Avon, $7.99, ISBN 978-0-06-238817-9
Historical Romance, 2017
Julia Quinn is an interesting case study in that she has been writing for a long time, and has achieved enviable success and critical acclaim in the process. But the author is so good at being funny, her later efforts to diversify and try new things often were met with mixed responses. “Where’s the funny?” was a common complaint from fans, but if she went that way and delivered the funny, other folks would go, “Where’s the substance?” I know, I’m part of the latter camp now and then. For a while now, I’ve followed the author as she tries to find that balance between pleasing the fans who want the funny and those who want more feels.
The last Bridgerton Prequel book, Because of Miss Bridgerton, was more of a throwback to the early days of Minx, but alas for me, I thought that one was too childish for my liking. The Girl with the Make-Believe Husband, on the other hand, goes the completely opposite direction: the humor is more toned down, appropriately so given the premise as we shall soon see, while the author aims to bring on more feels. Interestingly enough, this one turns out to be one of the more successful efforts by the author, where I am concerned, in a long time.
Captain Edward Rockesby of Her Majesty’s Army comes to with a terrible pain in the head. He soon learns that he has been out cold for about a week – these things happen when you’re a soldier doing that bang-bang-bang thing in the Colonies – and he doesn’t remember the more recent events leading up to his being knocked out cold. Therefore, when he learns that he has somehow married his friend’s sister, Cecilia Harecourt, well, it’s probably true, no? He doesn’t have full amnesia – he only can’t remember events in the short window of time leading up to his current situation – so he remembers very well of being charmed by Cecilia’s letters to Thomas, and how he eventually piggybacked Thomas’s letters to add his own missives to her. He likes her, so it’s very possible that he may have married her eventually.
Actually, as you can tell from the title of the story, there is no marriage. Cecilia came all the way to Manhattan Island from England because her brother Thomas was supposed injured in the battlefront. In the meantime, her father passed away, and Cecilia has nowhere else to go. She could move in with a maiden aunt, or marry that unpleasant cousin that always exist in stories such as this to be a convenient plot device to push the hero’s pee-pee to the heroine’s hoo-hoo. Worried for her brother and having nothing to lose, our heroine decided to seek out and nurse her brother back to health, only to learn when she arrived that Thomas had gone MIA. Furthermore, she would be tossed out of the camp by the soldiers, so she hastily concocts the story that she’s also Captain Rockesby’s wife. It’s a necessary lie as she waits for Thomas to show up while trying to find out whether anyone knows where he is. Now that Edward is awake and seems genuinely believe that they are married, she begins to feel guilty about her lie.
If you think, from reading the premise, that this is going to be some wartime story with lots of dark moments and pathos, oh, don’t worry – Julia Quinn isn’t pulling a Carla Kelly here. Instead of ducking bullets, Edward and Cecilia soon embark on a more familiar road-style quest to discover where Thomas is and what happened to him. While this may sound rather mundane on paper, I am pleasantly surprised to find how well the author manages to retain an almost whimsical vibe in this story that appeals to me. Humor and idealized, gallant portrayal of love probably would be a wrong fit for a story set in a time when two countries are at war, but here, everything works. Incredulously so, perhaps, but it all works, and I’m charmed. The humor here is not as in your face as some of the author’s books, but there is enough here, nonetheless, to make me smile. A part of me thinks that, maybe – maybe – things are too sunny here for a story with such a premise, but another part of me – the smiling part – tells me to hush and just bask in the improbable whimsy of the whole thing.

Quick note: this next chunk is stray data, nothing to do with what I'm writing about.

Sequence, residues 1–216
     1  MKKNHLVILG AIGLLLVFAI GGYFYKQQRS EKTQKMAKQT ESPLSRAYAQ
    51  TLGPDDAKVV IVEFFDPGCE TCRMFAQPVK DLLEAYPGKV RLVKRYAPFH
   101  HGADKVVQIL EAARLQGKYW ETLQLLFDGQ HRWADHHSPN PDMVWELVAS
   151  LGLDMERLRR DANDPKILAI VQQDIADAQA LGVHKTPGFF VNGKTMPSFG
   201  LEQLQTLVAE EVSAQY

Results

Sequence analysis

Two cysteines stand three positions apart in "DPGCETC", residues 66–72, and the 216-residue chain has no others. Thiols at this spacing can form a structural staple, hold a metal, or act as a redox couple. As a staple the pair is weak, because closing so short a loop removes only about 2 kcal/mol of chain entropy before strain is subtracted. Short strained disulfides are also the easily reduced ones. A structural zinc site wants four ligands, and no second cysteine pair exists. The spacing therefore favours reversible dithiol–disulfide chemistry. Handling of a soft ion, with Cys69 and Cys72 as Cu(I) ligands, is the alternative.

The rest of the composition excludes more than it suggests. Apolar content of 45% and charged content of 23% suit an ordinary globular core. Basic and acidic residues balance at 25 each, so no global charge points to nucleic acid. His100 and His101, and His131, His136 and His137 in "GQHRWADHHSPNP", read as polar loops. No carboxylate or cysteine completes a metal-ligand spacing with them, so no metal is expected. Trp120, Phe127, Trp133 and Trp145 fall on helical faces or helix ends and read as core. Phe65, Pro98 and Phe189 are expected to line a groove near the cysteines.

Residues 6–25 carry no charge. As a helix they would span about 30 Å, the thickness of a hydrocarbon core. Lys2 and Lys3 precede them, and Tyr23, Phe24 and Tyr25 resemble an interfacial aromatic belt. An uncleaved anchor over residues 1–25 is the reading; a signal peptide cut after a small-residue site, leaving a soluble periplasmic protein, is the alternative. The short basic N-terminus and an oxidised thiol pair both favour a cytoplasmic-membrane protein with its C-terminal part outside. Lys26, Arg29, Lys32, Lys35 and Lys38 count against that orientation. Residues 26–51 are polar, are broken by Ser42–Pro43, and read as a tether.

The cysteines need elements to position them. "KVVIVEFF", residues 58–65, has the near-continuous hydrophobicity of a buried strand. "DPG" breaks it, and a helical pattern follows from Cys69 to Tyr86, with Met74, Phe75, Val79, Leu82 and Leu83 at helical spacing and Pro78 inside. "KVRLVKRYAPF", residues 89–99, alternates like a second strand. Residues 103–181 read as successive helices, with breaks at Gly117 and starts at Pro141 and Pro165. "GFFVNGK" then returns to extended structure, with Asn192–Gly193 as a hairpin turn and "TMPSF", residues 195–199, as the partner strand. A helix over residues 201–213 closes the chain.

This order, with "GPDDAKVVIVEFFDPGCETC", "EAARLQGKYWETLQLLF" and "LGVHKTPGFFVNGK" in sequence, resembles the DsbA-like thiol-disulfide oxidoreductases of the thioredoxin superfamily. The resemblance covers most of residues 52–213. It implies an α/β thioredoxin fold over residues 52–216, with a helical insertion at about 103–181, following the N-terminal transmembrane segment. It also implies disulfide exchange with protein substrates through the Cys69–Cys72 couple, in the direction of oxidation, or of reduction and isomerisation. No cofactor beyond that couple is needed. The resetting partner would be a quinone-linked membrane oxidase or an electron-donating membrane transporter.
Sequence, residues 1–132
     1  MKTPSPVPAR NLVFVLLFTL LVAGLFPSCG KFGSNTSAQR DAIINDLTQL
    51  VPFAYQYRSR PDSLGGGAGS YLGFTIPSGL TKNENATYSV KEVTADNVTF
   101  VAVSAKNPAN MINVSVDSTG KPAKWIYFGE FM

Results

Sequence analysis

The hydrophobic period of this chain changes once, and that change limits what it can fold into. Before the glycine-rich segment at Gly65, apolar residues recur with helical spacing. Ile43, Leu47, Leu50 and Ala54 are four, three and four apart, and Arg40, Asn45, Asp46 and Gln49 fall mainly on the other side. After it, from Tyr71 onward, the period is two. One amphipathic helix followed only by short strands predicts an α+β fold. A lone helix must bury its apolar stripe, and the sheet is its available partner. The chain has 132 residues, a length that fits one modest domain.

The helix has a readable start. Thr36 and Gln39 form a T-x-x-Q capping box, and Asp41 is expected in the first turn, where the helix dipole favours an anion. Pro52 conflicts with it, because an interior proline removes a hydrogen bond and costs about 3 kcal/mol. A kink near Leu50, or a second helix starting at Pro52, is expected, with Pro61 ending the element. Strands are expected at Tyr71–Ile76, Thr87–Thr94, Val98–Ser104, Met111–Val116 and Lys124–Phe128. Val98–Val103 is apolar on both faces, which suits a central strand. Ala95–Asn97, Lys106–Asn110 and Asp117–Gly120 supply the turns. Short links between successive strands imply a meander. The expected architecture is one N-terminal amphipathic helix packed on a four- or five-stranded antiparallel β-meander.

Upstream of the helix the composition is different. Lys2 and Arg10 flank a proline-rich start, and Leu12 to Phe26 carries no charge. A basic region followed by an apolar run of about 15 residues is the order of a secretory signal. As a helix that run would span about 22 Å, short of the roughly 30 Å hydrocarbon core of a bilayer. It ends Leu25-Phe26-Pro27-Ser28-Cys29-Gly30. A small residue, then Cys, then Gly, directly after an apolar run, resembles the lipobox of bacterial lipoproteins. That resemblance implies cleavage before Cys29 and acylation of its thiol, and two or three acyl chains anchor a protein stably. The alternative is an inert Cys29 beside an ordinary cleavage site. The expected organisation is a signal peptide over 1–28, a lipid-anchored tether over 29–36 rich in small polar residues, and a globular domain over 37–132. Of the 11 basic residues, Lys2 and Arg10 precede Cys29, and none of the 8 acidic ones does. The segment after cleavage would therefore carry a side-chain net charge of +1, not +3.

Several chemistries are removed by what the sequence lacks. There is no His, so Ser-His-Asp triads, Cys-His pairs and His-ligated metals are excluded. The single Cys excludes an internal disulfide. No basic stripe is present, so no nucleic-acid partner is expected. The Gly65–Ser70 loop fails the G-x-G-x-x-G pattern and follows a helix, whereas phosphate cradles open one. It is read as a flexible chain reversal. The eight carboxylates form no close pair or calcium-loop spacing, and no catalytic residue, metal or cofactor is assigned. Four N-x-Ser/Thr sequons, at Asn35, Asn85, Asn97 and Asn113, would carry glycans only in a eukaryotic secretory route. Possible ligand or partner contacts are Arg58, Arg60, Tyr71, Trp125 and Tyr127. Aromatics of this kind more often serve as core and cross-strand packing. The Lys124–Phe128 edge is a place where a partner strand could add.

Cecilia is a bit of a stock heroine by this author – goody-goody, sweet, a bit naïve at times – but Edward goes all out in bringing on the gallantry, gentlemanly feels. That guy can be really sweet and romantic, and I can understand why our heroine can be flustered by him. I feel a little… flustering… myself now and then. Again, a part of me feels that he’s probably a bit too cheery for a soldier – usually this kind of guy keeps something dark and scary locked away inside of him – but ooh, the feels. The feels are especially abundant in the late third of this story.
Up to that point, I was leaning towards giving this book three oogies. Yes, everything is pleasant and sweet, but something feels missing until the late third of the book. That is when the feels begin to come together to become something more hard-hitting. The author surprises me by not making everything too sunny and sweet for our couple, so some more familiar elements that would feel hackneyed in another story – such as Thomas leaving behind a note supporting a union between his sister and his good friend – ends up being an emotional punch in the gut – as Edward only finds the letter after he learns that Thomas was dead.
And yes, this is another book where I’m docking off one oogie for that cutesy-icky epilogue. I’m already not too pleased by how the last chapter swings from the main characters yelling at one another in a much-needed catharsis immediately to cutesy-poo darling-baby-eek kill-me-now saccharine sweetness in an abruptness that gives me whiplash, but the icky-poo-poo stuff only piles on in the epilogue in a manner that makes me feel like I’m slipping into ketoacidosis.
Still, the rest of the story is very solid, and I’m charmed over well enough to give this one four well-deserved oogies.